In the same way, it is essential to have communication with other brethren, in order to experience love and to participate in all the Mysteries of the Church. Of course, there are also cases in which excessive use of the Internet, even for good and spiritual purposes, can create dependence, resulting in asocial isolation and a detrimental effect on one’s personhood. Thus, the Internet can have negative results: instead of leading the user closer to Christ is can, on the contrary, lead him away from God. Therefore we bear the great responsibility of promoting and sharing the Word of God using the most creative, useful, and modern methods – but we should also inform our flock about how to use the Internet profitably, emphasizing all the negative effects that can be caused by the misuse of this technology.

Source

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Firelion? — Former Mozilla CEO Is Back With New Browser

Posted by addisethiopia / አዲስ ኢትዮጵያ on September 29, 2016

ethiolionThe former CEO of Mozilla has released a new Internet browser called Brave.

Brendan Eich, the creator of JavaScript, continues to lead the technological revolution with Brave, an innovative concept in Internet browsers.

After blowing away the competition (read: Microsoft’s Internet Explorer) with the Internet browser Firefox, Eich has come up with Brave, a nearly ad-free, lightning-fast browser that eliminates intrusive ads as well as common but unwanted tracking tack-ons.

A tech legend for his Java and Firefox contributions, Eich was betrayed by his contemporaries and forced out of business as CEO of Mozilla, the company behind Firefox, because he supported natural marriage.

When it was revealed in 2014 that Eich donated $1,000 to California’s Proposition 8 ballot proposal, which defined marriage as the union of one man and one woman, he was blackballed, even though Proposition 8 was supported by the majority of Californians and easily passed in 2008.

Eich was publicly shamed because he believed in natural marriage and family. He was openly called a racist, Nazi, and inhumane.

But the tenacious techie didn’t give up. Without apology, Eich continued to innovate and ultimately came up with a whole new concept in web browsers: the ad-free, tracking-free, fast internet browser Brave.

In November 2015, Eich raised $2.5 million to create an advanced super-technical team. By August 2016, the company had raised $4.5 million in seed money to launch the browser.

Brave is called an entirely new way to browse the web without being intrusively tracked, and without time-consuming download ads.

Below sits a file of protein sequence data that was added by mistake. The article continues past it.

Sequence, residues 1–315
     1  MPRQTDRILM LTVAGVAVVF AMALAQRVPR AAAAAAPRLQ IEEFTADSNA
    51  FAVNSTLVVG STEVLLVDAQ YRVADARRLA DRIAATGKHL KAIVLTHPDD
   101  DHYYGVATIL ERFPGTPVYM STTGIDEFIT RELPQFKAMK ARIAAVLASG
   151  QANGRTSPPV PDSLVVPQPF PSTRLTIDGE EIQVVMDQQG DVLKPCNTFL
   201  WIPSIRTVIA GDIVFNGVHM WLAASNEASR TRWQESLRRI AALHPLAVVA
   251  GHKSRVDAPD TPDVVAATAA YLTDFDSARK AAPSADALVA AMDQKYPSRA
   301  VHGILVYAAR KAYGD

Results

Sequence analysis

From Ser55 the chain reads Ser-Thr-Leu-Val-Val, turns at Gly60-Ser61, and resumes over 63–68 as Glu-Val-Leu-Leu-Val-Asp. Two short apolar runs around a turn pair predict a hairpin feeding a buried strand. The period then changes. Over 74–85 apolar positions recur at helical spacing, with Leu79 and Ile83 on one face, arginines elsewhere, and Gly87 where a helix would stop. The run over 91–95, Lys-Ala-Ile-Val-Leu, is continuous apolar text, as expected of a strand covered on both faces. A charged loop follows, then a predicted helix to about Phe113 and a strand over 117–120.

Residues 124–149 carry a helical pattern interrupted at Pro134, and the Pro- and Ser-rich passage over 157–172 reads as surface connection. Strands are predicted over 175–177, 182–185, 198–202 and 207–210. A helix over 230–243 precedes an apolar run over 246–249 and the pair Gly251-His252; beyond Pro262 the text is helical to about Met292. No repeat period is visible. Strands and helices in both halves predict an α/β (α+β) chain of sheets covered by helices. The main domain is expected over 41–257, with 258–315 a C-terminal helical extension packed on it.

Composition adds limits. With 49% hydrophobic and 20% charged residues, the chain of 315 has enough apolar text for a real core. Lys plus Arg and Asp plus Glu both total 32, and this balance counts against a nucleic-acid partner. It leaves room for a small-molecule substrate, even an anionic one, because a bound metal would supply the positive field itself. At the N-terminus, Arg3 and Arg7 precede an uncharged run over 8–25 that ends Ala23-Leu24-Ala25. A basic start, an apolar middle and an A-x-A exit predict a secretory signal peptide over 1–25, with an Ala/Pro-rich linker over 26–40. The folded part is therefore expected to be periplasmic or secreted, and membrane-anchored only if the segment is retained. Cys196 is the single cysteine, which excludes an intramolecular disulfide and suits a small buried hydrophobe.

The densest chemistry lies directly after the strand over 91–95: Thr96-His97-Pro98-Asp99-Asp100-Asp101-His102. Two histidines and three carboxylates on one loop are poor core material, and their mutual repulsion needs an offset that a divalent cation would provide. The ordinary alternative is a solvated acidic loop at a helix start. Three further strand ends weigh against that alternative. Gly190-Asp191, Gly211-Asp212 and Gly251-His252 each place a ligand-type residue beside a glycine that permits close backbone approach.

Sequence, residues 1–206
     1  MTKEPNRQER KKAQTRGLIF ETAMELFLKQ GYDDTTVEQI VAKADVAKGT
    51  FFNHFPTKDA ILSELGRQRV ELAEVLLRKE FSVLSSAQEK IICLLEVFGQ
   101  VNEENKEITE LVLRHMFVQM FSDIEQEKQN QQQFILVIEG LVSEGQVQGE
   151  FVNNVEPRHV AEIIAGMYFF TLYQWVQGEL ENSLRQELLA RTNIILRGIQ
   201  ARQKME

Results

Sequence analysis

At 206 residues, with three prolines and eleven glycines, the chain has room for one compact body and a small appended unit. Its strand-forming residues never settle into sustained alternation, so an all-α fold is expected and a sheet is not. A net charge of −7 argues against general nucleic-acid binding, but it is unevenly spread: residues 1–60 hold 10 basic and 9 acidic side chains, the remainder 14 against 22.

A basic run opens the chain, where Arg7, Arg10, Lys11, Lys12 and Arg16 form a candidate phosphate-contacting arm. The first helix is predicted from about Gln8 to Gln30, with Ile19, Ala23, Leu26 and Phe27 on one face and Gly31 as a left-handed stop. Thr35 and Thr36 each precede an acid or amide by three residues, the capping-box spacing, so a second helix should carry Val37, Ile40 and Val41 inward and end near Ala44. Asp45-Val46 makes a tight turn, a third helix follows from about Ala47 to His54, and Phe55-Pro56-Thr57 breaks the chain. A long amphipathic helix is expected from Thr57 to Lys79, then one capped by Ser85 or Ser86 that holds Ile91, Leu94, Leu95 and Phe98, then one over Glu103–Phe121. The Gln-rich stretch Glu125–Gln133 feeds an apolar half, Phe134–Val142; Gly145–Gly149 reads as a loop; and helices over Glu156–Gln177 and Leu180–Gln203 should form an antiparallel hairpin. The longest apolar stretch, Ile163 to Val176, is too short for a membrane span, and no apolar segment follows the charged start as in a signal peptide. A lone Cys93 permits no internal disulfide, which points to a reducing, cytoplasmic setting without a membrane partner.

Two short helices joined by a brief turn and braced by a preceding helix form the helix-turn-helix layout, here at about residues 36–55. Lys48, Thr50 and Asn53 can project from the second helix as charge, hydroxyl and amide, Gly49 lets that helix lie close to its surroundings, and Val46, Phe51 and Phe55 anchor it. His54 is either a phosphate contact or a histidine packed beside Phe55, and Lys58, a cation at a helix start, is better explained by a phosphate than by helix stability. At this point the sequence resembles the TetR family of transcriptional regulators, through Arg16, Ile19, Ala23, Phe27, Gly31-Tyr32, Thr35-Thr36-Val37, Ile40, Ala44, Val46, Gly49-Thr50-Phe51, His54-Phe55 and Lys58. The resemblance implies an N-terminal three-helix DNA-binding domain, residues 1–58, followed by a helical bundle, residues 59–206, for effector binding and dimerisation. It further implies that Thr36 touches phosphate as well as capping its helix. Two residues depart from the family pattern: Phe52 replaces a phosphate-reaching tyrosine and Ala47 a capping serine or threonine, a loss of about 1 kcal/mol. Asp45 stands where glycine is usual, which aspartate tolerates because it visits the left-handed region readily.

Internet users have increasingly been using ad blockers like AdBlock Plus to cut down on the ads that slow Internet browsers down. But even with ad blocker software, users still see a lot of ads because the blockers have special arrangements with major advertisers to let their ads through.

Source

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United Nations in Ethiopia Website Defaced by Turkish Hackers

Posted by addisethiopia / አዲስ ኢትዮጵያ on December 11, 2013

HackerFirwallTurkish hackers of the group known as Ayyıldız Tim have breached several websites from all around the world. The most important of them is a site of the United Nations in Ethiopia (et.one.un.org).

More precisely, the et.one.un.org website is used for the “Delivering as One” reform. On the defaced website, the hackers threaten that they will start a virtual war against anyone that’s against their country and religion.

At the time of writing, the United Nations website is still defaced. A mirror of the defacement is available on zone-h.org.

According to HackRead, in addition to the UN website, the Turkish hackers have also targeted various websites from Italy, Brazil, Thailand, Vietnam, and a couple of government websites from Honduras.

Many of these websites are still defaced, while some of them have been taken offline.

Source

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‘Cyber War’ or World Wide War’

Posted by addisethiopia / አዲስ ኢትዮጵያ on April 3, 2011


In “Cyber War,” author Richard Clarke explores the newest front of modern war: the Internet and how America could already be on the losing side.

Cyber War is a powerful book about technology, government, and military strategy; about criminals, spies, soldiers, and hackers. This is the first book about the war of the future — cyber war — and a convincing argument that we may already be in peril of losing it.

Cyber War goes behind the “geek talk” of hackers and computer scientists to explain clearly and convincingly what cyber war is, how cyber weapons work, and how vulnerable we are as a nation and as individuals to the vast and looming web of cyber criminals. From the first cyber crisis meeting in the White House a decade ago to the boardrooms of Silicon Valley and the electrical tunnels under Manhattan, Clarke and coauthor Robert K. Knake trace the rise of the cyber age and profile the unlikely characters and places at the epicenter of the battlefield. They recount the foreign cyber spies who hacked into the office of the Secretary of Defense, the control systems for U.S. electric power grids, and the plans to protect America’s latest fighter aircraft.

 

Read an excerpt of the book

 

 


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‘The Net Delusion’

Posted by addisethiopia / አዲስ ኢትዮጵያ on April 3, 2011